The National Motorist Association reported that Charlotte, North Carolina’s television station WBTV reported, “Three years, 125,000 tickets, and $6 million in fines later, the number of accidents at intersections in Charlotte has gone down less than one percent. And the number of rear-end accidents, which are much more common, has gone up 15 percent.”
That data is not anecdotal. Those cities used clear and real evidence red light camera manufacturers are using manipulated data to claim the cameras reduce injuries and accidents.
As for the supporting arguments from the Insurance Institute for Highway Safety, it is only necessary to read the institute’s own report focusing on traffic-tickets-by-mail schemes in which the report notes, “Most studies also reported increases in rear-end crashes.” The report then says, “This isn’t surprising. The more people stop on red, the more rear-end collisions there will be.”
The question, then, is why is the IIHS continuing to support red light cameras in spite of overwhelming evidence they account for more accidents, not fewer. The answer is found in several recent cases in Florida cities which have passed city ordinances requiring reduced insurance rates for motorists who live within the city where red light cameras are used. The arguments in support of the ordinances were based on the claims by the camera manufacturers and the IIHS that the cameras improve safety. Logical, if those claims were true, a safer city should have reduced auto insurance rates.
IIHS is an insurance-industry funded lobbying agency. The increase in accidents at red light interchanges results in increased insurance rates – not reduced rates. The proof became crystal clear when almost immediately the insurance companies responded to the city ordinances with data that discredited the IIHS method of selectively including or omitting intersections nearby to red light installations in what is called “regression to the mean” and “spillover effects.”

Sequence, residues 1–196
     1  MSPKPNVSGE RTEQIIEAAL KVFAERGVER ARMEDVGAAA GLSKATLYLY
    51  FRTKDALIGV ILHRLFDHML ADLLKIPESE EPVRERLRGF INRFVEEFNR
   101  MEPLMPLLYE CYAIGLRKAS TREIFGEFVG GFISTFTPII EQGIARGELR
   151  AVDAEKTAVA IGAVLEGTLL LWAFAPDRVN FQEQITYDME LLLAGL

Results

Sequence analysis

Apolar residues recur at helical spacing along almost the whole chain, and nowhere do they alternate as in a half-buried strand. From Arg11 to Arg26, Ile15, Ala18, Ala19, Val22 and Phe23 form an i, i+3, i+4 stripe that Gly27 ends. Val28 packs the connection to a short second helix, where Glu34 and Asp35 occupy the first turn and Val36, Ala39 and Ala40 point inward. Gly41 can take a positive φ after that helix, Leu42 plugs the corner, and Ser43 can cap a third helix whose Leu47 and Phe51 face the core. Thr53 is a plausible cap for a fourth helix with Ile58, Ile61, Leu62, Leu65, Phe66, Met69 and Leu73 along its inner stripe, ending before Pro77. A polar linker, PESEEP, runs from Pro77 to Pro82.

Regression to the mean is real, it simply says the crashes should be averaged over several years. IIHS considers regression important for stop lights, but simply ignores the method for speed limits.
The spillover effect is far more interesting to those with advanced math skills. It is a complicated mathematical maneuver, a number trick, for crediting the cameras for reducing fatalities at intersections where there were no cameras. The idea is to convince the camera buyers and local police departments that red-light cameras at a few intersections will cause drivers to stop promptly all over town, or all over the county, or maybe all over the state, so improvements outside the cameras’ ZIP codes are credited to them nonetheless. “As statistical acrobatics go, this one is breathtaking, ” reports the National Motorist Association.
But in the end, as embarrassing as it might be for the democrats on the senate committee, the facts are overwhelming that the cameras are simply a revenue stream from citizens too uninformed, too scared, or too busy to learn to disregard the tickets. After all, those tickets have been declared unconstitutional for several reasons by judges from coast to coast and border to border. Once the public understands the truth about these machines and the money stream dries up, the cameras will be shut off.